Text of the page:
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The Art Nouveau Movement (1890-1914)

B E L G I U M and J U G E N D


Art Nouveau was an international decorative style that thrived during the two decades (1890-1914) that encircled the turn of the century. It encompassed all the design arts – architecture, furniture and product design, fashion, and graphics. Because Art Nouveau forms and lines were often invented rather than copied from nature or the past, there was a revitalization of the design process that pointed toward abstract. Art Nouveau’s off-spring are 20th century designers who adopted, not its surface appearance, but rather its attitude toward materials, process, and values.

While a common form language linked the various versions of Art Nouveau, the style developed differently in each country. In England, new simplified forms had dictated suitable decoration; in France, the style developed from the sense that decoration
dictated form.The style in Belgium is characterized as a “whiplash linear” style. During
the mid-1890’s the German Jugendstil (Youth Style) and the Austrian Secession were characterized by hard-edge angular graphics; and the Glasgow Style, can be characterized by its rectilinear symmetry.

Although Art Nouveau gained its prominence in France, its roots come from England. Specifically, with the art of Mackmurdo. In England, the style of Art Nouveau primarily seen in the graphic design and illustration, not in its architecture, sculpture, etc. as in other countries.


Gisbert Combaz (1869-1941)
Combaz was a lawyer before he became an artist. He specialized in art from the Far East, this influenced his art nouveau style of work – intense color. He was from Belgium.

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Henri van de Velde (1863-1957)
He was a Belgium architect, painter, writer and designer. Velde trained In Antwerp, Belgium in painting from 1881-84. He later abandoned painter for design in1892. Velde was influenced by the Art & Crafts movement, and Cherét. Velde left Belgium for Germany and was a key character in the development of German's art nouveau style called Jugendstil. The poster above was Velde's only poster, it was for a food company – you clearly see the curvilinear forms of art nouveau. Velde went on to teaching, he taught at the Weimar School of Art and Crafts for 10 years (1904-1914), recommending when he left Walter Gropius to replace him. Gropius went on to become the founder of the Bauhaus School. Velde lived in Switzerland for a few years before settling in Holland in 1920.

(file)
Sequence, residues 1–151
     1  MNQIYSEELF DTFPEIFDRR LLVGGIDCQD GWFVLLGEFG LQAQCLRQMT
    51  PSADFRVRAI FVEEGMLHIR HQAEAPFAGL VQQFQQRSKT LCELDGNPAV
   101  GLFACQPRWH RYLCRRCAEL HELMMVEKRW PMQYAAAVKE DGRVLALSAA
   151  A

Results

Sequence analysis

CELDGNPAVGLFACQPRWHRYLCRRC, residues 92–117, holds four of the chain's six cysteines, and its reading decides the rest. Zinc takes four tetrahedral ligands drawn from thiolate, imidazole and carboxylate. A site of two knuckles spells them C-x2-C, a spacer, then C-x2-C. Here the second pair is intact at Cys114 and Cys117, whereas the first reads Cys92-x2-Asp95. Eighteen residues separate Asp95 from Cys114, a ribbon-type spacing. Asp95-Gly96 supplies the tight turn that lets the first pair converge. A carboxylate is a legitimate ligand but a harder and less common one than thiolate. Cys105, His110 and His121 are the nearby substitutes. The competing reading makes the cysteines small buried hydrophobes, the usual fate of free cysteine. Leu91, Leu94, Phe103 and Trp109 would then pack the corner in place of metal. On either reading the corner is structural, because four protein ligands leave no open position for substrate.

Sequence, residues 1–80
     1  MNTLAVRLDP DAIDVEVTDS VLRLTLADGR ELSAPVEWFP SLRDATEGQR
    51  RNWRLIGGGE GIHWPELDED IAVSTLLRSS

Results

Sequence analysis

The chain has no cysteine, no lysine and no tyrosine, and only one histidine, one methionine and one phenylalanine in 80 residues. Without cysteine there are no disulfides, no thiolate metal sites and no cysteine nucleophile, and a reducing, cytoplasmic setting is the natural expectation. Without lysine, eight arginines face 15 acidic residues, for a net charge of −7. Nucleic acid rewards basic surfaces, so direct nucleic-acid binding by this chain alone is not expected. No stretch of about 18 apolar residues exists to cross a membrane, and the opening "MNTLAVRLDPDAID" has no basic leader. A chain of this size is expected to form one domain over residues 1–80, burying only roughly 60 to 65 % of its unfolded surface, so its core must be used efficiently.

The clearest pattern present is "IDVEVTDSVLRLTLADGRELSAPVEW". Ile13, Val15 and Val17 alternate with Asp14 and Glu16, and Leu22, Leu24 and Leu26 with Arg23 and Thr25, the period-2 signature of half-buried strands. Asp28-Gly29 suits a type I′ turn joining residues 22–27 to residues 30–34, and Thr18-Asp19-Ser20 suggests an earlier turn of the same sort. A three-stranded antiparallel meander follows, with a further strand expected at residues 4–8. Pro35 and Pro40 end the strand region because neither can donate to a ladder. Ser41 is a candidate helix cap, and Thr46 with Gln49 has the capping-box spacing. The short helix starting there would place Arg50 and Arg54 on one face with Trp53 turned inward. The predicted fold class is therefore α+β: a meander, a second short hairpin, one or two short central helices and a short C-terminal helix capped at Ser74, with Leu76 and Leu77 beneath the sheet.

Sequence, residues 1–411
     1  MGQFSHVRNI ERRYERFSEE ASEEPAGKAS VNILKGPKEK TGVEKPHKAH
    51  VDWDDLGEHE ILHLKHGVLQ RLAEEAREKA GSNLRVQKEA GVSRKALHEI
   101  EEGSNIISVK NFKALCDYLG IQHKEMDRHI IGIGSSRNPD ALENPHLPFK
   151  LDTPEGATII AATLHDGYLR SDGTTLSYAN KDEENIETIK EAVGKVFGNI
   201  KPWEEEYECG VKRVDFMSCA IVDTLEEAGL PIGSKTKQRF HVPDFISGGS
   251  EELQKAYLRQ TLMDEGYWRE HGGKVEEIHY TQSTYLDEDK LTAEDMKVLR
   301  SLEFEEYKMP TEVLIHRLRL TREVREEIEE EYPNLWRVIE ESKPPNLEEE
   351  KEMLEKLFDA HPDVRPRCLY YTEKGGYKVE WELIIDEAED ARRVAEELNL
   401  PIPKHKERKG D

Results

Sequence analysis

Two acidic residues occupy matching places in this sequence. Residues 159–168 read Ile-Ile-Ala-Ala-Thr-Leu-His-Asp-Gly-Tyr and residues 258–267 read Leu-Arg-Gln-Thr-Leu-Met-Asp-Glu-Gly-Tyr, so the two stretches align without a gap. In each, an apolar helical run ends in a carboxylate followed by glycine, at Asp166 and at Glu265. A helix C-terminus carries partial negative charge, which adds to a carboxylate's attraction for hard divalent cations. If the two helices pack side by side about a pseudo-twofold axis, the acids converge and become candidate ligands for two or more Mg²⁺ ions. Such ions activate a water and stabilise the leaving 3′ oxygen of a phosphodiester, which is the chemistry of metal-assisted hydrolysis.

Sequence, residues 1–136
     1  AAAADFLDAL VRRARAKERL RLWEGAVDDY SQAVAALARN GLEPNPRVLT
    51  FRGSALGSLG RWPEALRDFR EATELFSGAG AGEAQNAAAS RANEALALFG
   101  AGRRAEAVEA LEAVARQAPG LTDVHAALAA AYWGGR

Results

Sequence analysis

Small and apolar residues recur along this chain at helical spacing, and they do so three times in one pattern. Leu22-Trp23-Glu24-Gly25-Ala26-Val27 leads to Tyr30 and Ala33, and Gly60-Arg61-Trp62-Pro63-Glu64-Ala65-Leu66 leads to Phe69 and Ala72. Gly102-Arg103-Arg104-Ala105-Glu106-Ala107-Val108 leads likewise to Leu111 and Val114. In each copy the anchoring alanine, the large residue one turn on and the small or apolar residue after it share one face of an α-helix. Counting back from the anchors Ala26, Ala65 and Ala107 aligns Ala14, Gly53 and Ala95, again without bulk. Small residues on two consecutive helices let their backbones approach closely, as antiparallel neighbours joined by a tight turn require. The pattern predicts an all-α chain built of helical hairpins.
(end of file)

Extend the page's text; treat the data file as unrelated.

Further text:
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Peter Behrens (18XX-19XX)

Working at the same time but more influenced by the Art  Nouveau style than the Cubist was Ger man artist, architect, and designer Peter Behrens (1868-1940). Behrens played a major role in charting the course for design in the first decade of the century. He sought typographic reform and was an early advocate of sans serif typography. Behrens used a grid system to structure the space in his graphic designs. He has been called the “first industrial designer” because of his work on products such as street-lamps and teapots.

In 1906 Behrens was hired to create advertising material for the electrical company
AEG, and in 1907 he assumed responsibility for design in all areas of the firm. Between 1907 and 1914, Behrens completely revolutionized the company’s image. He designed everything from catalogs to the factory buildings. Through Behren’s work AEG became the first firm in the w or ld with a total “corporate identity”.

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Otto Eckmann (1865-1902)
Eckmann is considered one of the pioneers of Germany's Jugendstil art movement. Eckmann was born in Hamburg, Germany. He studied to be a painter, but around 1894, Eckmann abandoned painting to pursue graphic/typographic design. His type design is what he is best known for. Typefaces he designed include; Eckmann-Schrift (1900), and Fette Eckmann (1902)

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Bruno Paul (1874-1968)
Bruno Paul, exhibition poster for Arts & Crafts in Munich, 1901. Paul his better known for his cartoons and caricatures, especially in the German magazine "Simplicissimus", which had a huge effect on the look and content of cartoons throughout Europe.

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